The mash procedure is preferably performed for a period of 1-6 h, for example of approx. 1.5 h, and a temperature range of 30-80° C., preferably at 60-78° C., under atmospheric conditions. The mash procedure favourably comprises continuous steeping, preferably performed once or twice, and re-admixture of partial mashes. Constantly repeated supply and stirring in of cold, freshly mashed crushed malt solution may additionally optionally be performed. Natural breakdown of starch to glucose and optimum action of the natural malt enzymes are thus achieved in accordance with the German Beer Purity Law. The resultant glucose has a greater sweetening power than the maltose otherwise predominantly present in mash, so achieving an advantageous effect in flavour terms in the finished beverage.

In one industrial embodiment of the method, the malt wort may be combined with industrial enzymes which break down starch and sugar. This does not comply with the German Beer Purity Law, but does allow the method to be significantly shortened and simplified.

Furthermore, step (b) preferably comprises the separation of solids to produce a clear first wort run-off. To this end, the mash is filtered for example in a “lauter tun” or another device, for example a mash filter, i.e. the solids are separated from the liquid. In the process, a first wort run-off is obtained with an original gravity of favourably 6-25%, preferably 10-22%, for example approx. 19-21%, which is preferably diluted to 13-14% with cold water. The first wort run-off is preferably very bright, i.e. it has a turbidity of preferably below 5 EBC units and favourably a glucose content of 0.5-1.5 wt. % and/or a weight ratio of glucose to maltose of 1:4 to 1:15. It is to be expected that a mash of barley and melanoidin malt without wheat malt will result in a somewhat lower glucose content.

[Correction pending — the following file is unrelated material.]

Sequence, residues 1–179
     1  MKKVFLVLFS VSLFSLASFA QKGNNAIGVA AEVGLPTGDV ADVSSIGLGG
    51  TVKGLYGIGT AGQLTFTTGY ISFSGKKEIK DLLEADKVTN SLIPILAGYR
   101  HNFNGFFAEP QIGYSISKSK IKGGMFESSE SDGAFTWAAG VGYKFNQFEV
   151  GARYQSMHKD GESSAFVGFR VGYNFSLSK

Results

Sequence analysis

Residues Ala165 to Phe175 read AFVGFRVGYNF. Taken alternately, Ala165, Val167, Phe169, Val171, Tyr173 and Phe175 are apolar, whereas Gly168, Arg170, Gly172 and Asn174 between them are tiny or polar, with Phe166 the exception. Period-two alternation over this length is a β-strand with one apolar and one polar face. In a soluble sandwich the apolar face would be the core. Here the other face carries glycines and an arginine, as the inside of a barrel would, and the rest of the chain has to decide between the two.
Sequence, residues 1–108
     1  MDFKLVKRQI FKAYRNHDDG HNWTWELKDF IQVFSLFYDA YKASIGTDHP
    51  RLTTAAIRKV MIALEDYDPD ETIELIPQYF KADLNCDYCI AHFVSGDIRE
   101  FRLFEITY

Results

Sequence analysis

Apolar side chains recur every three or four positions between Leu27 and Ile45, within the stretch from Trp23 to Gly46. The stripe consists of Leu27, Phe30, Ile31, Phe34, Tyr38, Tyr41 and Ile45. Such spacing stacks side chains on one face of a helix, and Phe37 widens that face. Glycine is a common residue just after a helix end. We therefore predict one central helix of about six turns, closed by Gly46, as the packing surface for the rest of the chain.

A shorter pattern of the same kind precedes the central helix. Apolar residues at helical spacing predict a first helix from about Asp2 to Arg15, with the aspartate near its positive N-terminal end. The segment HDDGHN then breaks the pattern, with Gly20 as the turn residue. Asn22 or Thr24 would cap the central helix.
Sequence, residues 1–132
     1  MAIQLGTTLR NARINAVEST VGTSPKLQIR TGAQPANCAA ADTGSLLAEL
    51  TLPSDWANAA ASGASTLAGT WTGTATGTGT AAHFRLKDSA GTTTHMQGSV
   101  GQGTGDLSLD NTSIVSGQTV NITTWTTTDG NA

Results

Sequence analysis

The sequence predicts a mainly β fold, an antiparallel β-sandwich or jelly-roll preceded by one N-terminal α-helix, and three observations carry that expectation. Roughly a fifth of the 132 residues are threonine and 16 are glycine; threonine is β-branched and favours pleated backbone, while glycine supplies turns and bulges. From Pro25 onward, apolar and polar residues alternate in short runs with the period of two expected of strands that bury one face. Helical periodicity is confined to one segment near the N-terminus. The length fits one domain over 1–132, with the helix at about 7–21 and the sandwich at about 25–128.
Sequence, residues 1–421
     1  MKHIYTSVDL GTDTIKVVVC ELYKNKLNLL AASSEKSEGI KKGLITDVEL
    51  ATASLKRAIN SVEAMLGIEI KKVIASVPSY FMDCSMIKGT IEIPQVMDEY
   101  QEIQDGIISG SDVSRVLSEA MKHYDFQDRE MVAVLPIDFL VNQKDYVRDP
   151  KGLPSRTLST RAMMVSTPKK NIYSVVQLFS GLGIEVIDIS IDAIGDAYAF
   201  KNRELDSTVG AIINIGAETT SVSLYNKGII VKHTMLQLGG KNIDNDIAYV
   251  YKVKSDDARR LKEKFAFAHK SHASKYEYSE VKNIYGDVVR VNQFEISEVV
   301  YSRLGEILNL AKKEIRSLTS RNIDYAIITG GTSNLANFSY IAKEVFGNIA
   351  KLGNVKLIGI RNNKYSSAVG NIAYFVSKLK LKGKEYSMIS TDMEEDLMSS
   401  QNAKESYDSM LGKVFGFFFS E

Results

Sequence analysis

The resultant and optionally diluted first wort run-off is adjusted to a temperature of approx. 35-55° C., preferably to approx. 40-50° C.

The resultant liquid wort is treated according to step (c) of the method with lactobacillus microorganisms. The lactobacilli, preferably Lactobacillus delbrueckii, are added to the wort by inoculation, preferably in a concentration of 3-20 wt. %., preferably approx. 6-14 wt. %. Lactic acid fermentation of the wort then takes place preferably over a period of 48-72 h, at a temperature of 35-55° C., in particular of 45-48° C. Lactic acid fermentation is preferably performed to a lactic acid content of 0.6-1.2 wt. %, preferably 0.8-1.0 wt. %, and “sour wort” is obtained.

Step (d) of the method according to the invention comprises blending the sour wort, wherein the sour wort is diluted with a liquid containing sugar, for example a juice, syrup, concentrate or nectar from fruits or other plant materials, for example agave, optionally with addition of roasted malt beer. Liquids are preferably used which contain only naturally present sugars, for example fruit sugars, and are free of added sugar. A fruit juice consisting of fruit juice concentrate and water without added sugar may for example be used. A concentration of sour wort of 0.5-15 wt. % is preferably established in the process, particularly preferably of 1-10 wt. %. If necessary, water and/or another component, for example roasted malt beer, may also be added during blending. Lactic acid fermentation then preferably proceeds to a lactic acid content of 0.05-0.6 wt. % (lactic acid content calculated as citric acid with a factor of 0.64 on titration of 10 ml with 0.1 N NaOH).